After four goes at designing Stokehouse, Pascale Gomes-McNabb is still stoked on beach house chic.
Story: Mark Davie
30 Jacka Boulevard, St Kilda, VIC
(03) 9525 5555 or www.stokehouse.com.au
When the original Stokehouse burned down, the management team immediately scrambled together a marquee to cover any pre-booked weddings they couldn’t relocate at short notice. Going from heritage-listed beach house chic to a white vinyl tent wasn’t exactly the dream scenario for anyone involved, but they made it work. With the temporary instalment sorted, it brought up the question, ‘What made the Stokehouse?’ Was it the beachside location? The heritage-listed surrounds? The interiors? Or the staff who put food and drinks on the table?
Owner Frank van Haandel quickly devised a lab to test those theories, gutting another family venue, Comme, in favour of the now-homeless eldest child. Stokehouse City immediately wiped one of the four criteria off the table; there was no beach in sight. Still, the Alfred Place building sure had heritage, having housed one of Melbourne hospitality’s finest mainstays — Mietta’s.
Stokehouse City has since been sold. It was briefly turned into Cut Bar & Grill, and is now the Alfred Place Melbourne events space run by Rockpool Dining Group. The sale allowed van Haandel to focus on getting the original Stokehouse back on its feet. The striking new building was designed by Robert Simeoni Architects and, as before, is split over two levels. This time though, the second-storey restaurant is propped up on pylons to leave a gap between it and the ground floor casual eatery, Pontoon. It’s a completely different approach to the beach pavilion. Rather than the simple weatherboard shack, which Simeoni modernised when he built the Seaford Life Saving Club, this version is more like a multi-million dollar modernist holiday home poking out of the sand dunes along the coast.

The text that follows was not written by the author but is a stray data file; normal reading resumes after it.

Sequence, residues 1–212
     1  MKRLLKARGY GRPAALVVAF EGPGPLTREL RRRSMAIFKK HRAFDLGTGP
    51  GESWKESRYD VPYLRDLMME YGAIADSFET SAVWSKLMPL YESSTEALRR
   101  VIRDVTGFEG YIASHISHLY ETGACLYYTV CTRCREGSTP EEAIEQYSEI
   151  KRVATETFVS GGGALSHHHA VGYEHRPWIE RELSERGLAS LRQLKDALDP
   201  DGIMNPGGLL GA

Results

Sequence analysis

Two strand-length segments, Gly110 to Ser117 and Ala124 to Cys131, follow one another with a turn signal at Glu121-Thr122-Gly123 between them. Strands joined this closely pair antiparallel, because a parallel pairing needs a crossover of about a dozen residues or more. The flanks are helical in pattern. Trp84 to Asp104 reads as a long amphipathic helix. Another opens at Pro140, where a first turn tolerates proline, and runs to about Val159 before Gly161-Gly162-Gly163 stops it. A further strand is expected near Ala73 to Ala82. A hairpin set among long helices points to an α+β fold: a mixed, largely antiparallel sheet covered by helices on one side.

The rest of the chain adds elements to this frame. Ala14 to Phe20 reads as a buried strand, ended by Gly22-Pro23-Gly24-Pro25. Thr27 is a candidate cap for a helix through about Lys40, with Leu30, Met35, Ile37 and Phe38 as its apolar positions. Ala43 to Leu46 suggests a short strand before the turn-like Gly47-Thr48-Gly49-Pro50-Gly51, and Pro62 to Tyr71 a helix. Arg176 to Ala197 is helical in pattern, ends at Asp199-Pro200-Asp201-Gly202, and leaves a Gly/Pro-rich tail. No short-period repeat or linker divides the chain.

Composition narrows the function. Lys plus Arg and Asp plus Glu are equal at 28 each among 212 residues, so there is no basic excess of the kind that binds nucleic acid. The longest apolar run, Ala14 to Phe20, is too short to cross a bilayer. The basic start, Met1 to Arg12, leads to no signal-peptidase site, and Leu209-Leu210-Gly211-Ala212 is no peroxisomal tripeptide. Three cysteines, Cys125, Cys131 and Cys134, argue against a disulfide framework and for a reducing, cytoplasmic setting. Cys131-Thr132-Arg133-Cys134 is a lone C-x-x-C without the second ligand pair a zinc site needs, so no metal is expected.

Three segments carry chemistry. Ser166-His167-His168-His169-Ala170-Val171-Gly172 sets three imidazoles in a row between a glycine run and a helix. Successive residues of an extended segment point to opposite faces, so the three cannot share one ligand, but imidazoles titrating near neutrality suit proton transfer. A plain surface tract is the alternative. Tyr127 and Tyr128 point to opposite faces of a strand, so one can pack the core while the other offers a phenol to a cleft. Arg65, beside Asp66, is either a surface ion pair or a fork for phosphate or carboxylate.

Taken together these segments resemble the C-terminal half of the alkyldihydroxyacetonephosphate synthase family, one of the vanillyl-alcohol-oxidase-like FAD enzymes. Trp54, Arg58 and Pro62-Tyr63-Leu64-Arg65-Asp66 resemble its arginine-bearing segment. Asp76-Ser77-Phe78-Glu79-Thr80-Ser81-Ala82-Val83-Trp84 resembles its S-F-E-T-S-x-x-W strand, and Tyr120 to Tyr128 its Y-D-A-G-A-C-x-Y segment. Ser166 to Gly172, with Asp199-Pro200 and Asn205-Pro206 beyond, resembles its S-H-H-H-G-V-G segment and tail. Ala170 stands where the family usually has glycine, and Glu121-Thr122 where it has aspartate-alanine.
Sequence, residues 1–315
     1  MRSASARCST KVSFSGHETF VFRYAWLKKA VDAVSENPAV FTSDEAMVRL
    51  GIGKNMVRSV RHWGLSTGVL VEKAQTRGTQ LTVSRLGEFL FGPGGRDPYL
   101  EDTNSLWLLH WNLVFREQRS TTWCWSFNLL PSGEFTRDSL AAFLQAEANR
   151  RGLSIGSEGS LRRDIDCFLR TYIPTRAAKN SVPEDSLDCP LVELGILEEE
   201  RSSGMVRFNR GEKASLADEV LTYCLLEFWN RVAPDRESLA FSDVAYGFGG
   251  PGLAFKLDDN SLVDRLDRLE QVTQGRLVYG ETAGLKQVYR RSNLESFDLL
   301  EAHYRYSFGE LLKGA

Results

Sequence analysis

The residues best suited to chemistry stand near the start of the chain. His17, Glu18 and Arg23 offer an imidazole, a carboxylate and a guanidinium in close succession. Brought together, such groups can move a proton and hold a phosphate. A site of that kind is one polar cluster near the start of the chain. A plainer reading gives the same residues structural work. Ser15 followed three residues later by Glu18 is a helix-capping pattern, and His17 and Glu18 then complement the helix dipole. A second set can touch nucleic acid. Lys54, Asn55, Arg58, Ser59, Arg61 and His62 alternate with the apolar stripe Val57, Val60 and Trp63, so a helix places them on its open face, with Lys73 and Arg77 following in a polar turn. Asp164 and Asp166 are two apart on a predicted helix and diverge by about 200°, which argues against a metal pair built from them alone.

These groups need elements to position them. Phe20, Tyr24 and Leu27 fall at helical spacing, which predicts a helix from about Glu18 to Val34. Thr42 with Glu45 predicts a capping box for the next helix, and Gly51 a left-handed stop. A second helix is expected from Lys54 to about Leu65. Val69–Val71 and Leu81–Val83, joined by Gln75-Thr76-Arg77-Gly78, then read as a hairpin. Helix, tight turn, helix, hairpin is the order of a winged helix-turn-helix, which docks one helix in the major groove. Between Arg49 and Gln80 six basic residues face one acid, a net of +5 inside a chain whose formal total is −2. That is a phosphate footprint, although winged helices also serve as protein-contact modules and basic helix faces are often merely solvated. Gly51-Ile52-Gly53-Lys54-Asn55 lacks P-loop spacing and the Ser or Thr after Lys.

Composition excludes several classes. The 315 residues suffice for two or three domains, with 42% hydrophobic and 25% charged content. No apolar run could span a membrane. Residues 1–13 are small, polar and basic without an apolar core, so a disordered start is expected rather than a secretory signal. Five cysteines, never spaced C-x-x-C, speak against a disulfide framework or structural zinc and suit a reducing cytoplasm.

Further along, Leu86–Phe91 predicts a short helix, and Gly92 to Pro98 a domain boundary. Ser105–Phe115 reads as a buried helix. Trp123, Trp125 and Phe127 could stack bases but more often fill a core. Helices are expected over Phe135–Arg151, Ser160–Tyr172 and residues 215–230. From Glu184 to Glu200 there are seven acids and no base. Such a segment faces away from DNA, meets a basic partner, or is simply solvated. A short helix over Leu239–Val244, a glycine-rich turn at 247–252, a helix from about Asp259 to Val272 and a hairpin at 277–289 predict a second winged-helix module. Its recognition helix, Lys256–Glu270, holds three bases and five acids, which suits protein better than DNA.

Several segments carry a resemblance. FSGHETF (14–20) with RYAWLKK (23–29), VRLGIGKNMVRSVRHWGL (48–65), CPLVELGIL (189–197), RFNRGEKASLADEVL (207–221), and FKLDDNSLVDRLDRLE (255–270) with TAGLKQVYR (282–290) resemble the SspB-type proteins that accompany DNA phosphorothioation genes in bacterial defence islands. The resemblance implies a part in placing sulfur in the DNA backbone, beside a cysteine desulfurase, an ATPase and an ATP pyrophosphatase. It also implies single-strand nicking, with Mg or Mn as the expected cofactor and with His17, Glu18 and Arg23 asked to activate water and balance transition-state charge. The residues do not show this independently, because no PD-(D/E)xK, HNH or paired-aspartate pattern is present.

It’s a completely different look to the original building, so venue talked to designer Pascale Gomes-McNabb about how she approached this iteration. Gomes-McNabb knows Stokehouse almost as intimately as Frank van Haandel himself. The is the fourth time she’s worked on a design under that name. Her first take on the restaurant was in 2010, then she designed the ‘pop up’ version at Stokehouse City, after that she was working on Bennelong by Stokehouse at the Sydney Opera House before it was abandoned to divert attention back to rebuilding Stokehouse in its original location.
“I asked Frank, ‘What do you want?’” recalled Gomes McNabb. “He gave me back my brief I’d given to him in 2010. He loved it so much he said, ‘I just want an updated version with all those ideas you have.’” Of course, merely regurgitating the 2010 version was never going to suffice. It became a journey of once again distilling the essence of Stokehouse in an entirely new interior design. “The idea of having luxe and chic design, but really comfortable. Not shabby chic though,” she said, setting a limit on how comfortable is too far in the opposite direction. “Frank wants it to feel as though you can stay all day — to come for lunch and stay until they close, which a lot of people do.” Gomes-McNabb says increasing the length of stay comes down to the place feeling a bit more like accomodation than simply a restaurant. “People come from all over Melbourne, and it’s almost like walking into a holiday,” she said. “It’s not just going to a restaurant to eat. You’re having an experience that’s like a mini holiday by the beach. You feel completely removed from everything else that you’ve done on that day or that week.”